If you find yourself feeling like your relationship is growing stale, or that you're not getting enough sexually out of your partnership — but very much enjoy your partner in all other aspects such as values and shared interests — you may want to consider the possibility of an open relationship. That way, like Hannah Montana, you too, can have the best of both worlds. Is an open relationship right for you?
An open relationship is "a relationship where there's a primary partnership of two individuals and they can both have adventures, usually just sexual, outside that 'main' relationship," sexuality educator and social worker Aida Manduley told Elite Daily.
"Polyamory is a type of non-monogamy identified by its focus on having multiple relationships with the consent of all people involved, and by its not shying away from emotional/romantic involvement," Manduley said. So, an open relationship has a "main" couple component, while a poly relationship may not necessarily have that base.
I spoke with professional life and relationship coach Laurie Ellington, who specializes in open relationships and polyamory, to understand why an open relationship is a good idea, and who it may work best for.
She says the bottom line is to "communicate, be respectful, go slow, be honest, be safe, and do onto others as you would like them to do onto you." Ellington offers her support and services to any person out there — she has global patients — who would like to dive into the world of open relationships.
It's up to you two to determine the ground rules of the open relationship: Are you allowed to have sex with your friends? Strangers only? Only threesomes with your partner present? You and your significant other can determine what you two feel comfortable with in the situation.
Read on to see what Ellington says about open relationships, and figure out if one would be right for you and your SO.
"What I love most about the open relationship lifestyle is that it really does ask us to be more open, honest, transparent, [and] respectful of ourselves and respectful of others," Ellington says. She says that in order to practice ethical non-monogamy, "clear transparent communication" is essential. It's important to hash out rules and boundaries with your partner before opening up the relationship — and keeping those lines of communication open every day. It's also important to be transparent, honest, and kind with your other partners about what you're looking for.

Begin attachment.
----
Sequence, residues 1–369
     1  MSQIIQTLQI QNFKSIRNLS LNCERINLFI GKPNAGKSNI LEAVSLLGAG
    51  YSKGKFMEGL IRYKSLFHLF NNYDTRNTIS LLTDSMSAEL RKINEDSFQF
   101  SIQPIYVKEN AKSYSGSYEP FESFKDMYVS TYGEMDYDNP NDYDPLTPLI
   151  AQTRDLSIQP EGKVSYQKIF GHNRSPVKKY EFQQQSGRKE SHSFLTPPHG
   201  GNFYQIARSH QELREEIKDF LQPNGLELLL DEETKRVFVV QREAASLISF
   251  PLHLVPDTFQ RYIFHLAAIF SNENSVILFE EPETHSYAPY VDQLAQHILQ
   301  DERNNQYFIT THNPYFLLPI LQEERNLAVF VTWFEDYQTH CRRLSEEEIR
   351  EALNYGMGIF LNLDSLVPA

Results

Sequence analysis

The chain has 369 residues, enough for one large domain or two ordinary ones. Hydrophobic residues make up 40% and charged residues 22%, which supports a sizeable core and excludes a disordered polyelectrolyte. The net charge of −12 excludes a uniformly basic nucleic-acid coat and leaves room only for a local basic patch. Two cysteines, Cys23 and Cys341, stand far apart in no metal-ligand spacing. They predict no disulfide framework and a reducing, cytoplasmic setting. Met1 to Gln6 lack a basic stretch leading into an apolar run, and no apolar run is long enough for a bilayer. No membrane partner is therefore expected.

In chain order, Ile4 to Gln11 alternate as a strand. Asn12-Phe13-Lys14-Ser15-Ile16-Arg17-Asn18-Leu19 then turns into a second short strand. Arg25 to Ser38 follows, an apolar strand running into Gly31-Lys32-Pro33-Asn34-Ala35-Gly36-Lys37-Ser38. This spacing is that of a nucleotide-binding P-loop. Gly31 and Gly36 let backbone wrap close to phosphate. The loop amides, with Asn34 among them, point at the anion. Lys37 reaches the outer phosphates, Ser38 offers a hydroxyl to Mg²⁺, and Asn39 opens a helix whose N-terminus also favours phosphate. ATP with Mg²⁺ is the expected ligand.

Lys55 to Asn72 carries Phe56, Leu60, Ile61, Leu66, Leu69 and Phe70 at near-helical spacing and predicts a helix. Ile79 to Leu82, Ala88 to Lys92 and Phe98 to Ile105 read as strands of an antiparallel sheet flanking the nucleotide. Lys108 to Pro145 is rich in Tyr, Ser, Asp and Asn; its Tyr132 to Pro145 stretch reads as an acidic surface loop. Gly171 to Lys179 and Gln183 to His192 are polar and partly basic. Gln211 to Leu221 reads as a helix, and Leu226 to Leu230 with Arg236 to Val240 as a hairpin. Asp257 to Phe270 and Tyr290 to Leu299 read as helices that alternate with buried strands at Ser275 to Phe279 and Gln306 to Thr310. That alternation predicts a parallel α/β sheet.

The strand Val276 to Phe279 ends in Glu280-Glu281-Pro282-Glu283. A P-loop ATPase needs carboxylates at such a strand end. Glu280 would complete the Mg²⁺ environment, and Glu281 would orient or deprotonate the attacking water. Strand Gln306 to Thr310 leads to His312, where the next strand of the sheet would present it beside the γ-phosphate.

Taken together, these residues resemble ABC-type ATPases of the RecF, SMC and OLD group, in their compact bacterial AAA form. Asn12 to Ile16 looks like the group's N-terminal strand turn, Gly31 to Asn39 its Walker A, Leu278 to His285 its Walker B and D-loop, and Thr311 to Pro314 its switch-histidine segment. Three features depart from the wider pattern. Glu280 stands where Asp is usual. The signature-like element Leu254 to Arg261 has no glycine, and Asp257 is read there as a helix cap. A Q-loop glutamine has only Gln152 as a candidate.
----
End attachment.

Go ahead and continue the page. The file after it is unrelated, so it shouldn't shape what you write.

"Individuals [realize] they are ready to try a different way of being in a relationship," Ellington says. "Perhaps they found themselves in a box when they were monogamous. Or, perhaps they experienced a sense of losing themselves in a monogamous relationship. These people [are] hungry for a new experience where they can be 100 [percent] who they are without editing themselves for the sake of another’s feelings."
Essentially, being in an open relationship may feel liberating if that's something you crave in your life — if you want to experience multiple partners and explore more parts of yourself with them.
"Some individuals have always sensed they were capable of loving more than one person, and yet society told them otherwise," says Ellington, about how many cultures tout monogamy as the norm. "These people are ready to shift things for themselves and create a life that is more aligned with their values."
"What I love most about the lifestyle is that we get to create it as we go along," Ellington says.
If this sounds a lot like you and your partner, an open relationship might be up your alley.
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